It only took about a century to rid ourselves of the horror of slavery, and of course, our society still reels from the aftereffects another hundred years after Emancipation.

So it's not surprising that this particular nation will need time to mature further, to grow beyond the fear and childishness and fetishism that embraces guns. Perhaps another hundred years...hundreds of thousands of lives...

Grammatical arguments about the "framers'" intent pales beside what the "framing" has wrought.
posted by fold_and_mutilate at 2:03 AM on May 9, 2002


Yeah, due process is a bitch, isn't it? It's sooo much more convenient to govern on based whatever mood foldy has that day.
posted by NortonDC at 4:33 AM on May 9, 2002


Fold_and_mutilate has a point though. Whatever the grammar, surely the intent was to arm a small group of farmers against hostile outside forces due to the lack of a standing army. Now the US has the biggest standing army in the world and little fear of sustained attack from any outside forces. Instead firearms are being used on American citizens, and rarely in defence of freedom. So surely the second amendment has ceased to be relevant to a discussion on firearms? Isn't that the point?
posted by Summer at 5:33 AM on May 9, 2002


The thing i've never understood is why people assume that if something is in the Constitution it is automatically right. It certainly looks to me like that amendment says in no uncertain terms that all people have the right to bear arms, but that they need that right because a militia is required. If the militia is no longer required, why is the right still required? I'm not really arguing either side, i'm just curious about people's perception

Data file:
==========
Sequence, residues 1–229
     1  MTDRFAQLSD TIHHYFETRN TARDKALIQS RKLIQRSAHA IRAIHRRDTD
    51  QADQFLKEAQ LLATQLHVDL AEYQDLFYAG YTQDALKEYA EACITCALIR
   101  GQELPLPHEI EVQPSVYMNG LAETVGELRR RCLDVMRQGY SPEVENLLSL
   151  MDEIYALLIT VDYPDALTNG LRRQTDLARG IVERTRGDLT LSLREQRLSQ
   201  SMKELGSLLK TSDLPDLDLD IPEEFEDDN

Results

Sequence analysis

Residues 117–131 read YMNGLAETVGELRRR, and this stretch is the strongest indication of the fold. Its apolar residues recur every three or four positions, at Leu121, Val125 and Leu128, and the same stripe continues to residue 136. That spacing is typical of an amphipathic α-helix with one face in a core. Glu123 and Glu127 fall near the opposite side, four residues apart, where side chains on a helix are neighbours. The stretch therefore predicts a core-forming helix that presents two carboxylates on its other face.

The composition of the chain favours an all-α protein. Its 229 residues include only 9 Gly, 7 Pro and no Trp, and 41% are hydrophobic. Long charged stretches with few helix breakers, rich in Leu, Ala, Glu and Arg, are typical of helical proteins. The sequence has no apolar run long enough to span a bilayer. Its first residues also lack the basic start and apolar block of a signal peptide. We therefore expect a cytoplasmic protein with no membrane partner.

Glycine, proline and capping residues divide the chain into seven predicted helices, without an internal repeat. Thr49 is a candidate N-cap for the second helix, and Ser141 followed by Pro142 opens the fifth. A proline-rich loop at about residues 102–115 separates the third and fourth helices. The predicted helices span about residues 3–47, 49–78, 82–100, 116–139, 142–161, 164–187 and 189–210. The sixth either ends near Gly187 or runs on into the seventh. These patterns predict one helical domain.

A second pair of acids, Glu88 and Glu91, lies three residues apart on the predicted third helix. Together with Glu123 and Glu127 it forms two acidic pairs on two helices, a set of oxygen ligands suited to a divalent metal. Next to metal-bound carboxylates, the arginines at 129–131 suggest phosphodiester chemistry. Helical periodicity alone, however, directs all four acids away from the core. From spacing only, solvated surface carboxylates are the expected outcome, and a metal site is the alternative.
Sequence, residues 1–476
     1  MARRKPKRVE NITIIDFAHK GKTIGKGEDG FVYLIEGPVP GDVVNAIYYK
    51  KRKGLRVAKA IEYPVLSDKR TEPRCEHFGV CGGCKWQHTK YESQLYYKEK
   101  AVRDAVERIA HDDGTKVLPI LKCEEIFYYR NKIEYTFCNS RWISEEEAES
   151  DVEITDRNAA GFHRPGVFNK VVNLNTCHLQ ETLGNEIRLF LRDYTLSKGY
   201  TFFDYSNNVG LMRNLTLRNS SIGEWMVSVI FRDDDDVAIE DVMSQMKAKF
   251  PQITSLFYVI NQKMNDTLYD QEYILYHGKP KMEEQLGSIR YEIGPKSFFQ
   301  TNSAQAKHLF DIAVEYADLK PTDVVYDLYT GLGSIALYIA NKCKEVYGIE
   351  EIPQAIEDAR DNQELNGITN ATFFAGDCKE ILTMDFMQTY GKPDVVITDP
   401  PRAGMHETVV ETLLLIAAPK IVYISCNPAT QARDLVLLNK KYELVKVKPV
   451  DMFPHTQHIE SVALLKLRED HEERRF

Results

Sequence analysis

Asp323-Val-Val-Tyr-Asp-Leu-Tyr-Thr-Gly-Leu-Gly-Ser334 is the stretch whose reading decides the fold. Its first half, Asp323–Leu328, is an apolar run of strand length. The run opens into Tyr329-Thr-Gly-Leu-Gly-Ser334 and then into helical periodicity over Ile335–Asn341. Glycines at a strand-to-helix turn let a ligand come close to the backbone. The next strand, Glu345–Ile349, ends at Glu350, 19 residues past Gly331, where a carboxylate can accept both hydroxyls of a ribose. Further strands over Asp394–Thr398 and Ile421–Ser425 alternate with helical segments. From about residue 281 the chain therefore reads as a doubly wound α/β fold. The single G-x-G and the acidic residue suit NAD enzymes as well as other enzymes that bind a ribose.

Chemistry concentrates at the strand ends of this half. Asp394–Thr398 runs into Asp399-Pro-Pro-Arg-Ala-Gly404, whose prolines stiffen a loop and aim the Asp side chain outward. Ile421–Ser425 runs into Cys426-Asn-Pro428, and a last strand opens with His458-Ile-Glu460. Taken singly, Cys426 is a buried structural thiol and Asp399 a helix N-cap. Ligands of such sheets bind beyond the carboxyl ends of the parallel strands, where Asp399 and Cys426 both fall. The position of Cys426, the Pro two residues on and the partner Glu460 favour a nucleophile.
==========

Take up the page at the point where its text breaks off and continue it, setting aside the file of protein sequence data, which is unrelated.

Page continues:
posted by zzero at 6:41 AM on May 9, 2002


If America decides the Second amendment has outlived its utility, then it can use the extant Constitutional mechanisms to repeal it. It's not rocket science, but it is a slow process that requires a clear consensus.

Ignoring the Second Amendment is not the way to fix it. The way to address an unwanted amendment is with a new amendment. It very straightforward.
posted by NortonDC at 7:01 AM on May 9, 2002


Whatever the grammar, surely the intent was to arm a small group of farmers against hostile outside forces due to the lack of a standing army.

Outside forces were not the sole concern. Republican government was still an unknown entity for the most part at the time. The framers of the constitution feared tyranny as much or more than 'outside' forces.
posted by ljromanoff at 7:52 AM on May 9, 2002


If they feared internal tyranny, you can be sure they feared an uprising from their slaves, leasehold farmers, Indians, and Spanish/Dutch/French/etc settlers who might want to have their country take over the newly-formed USA.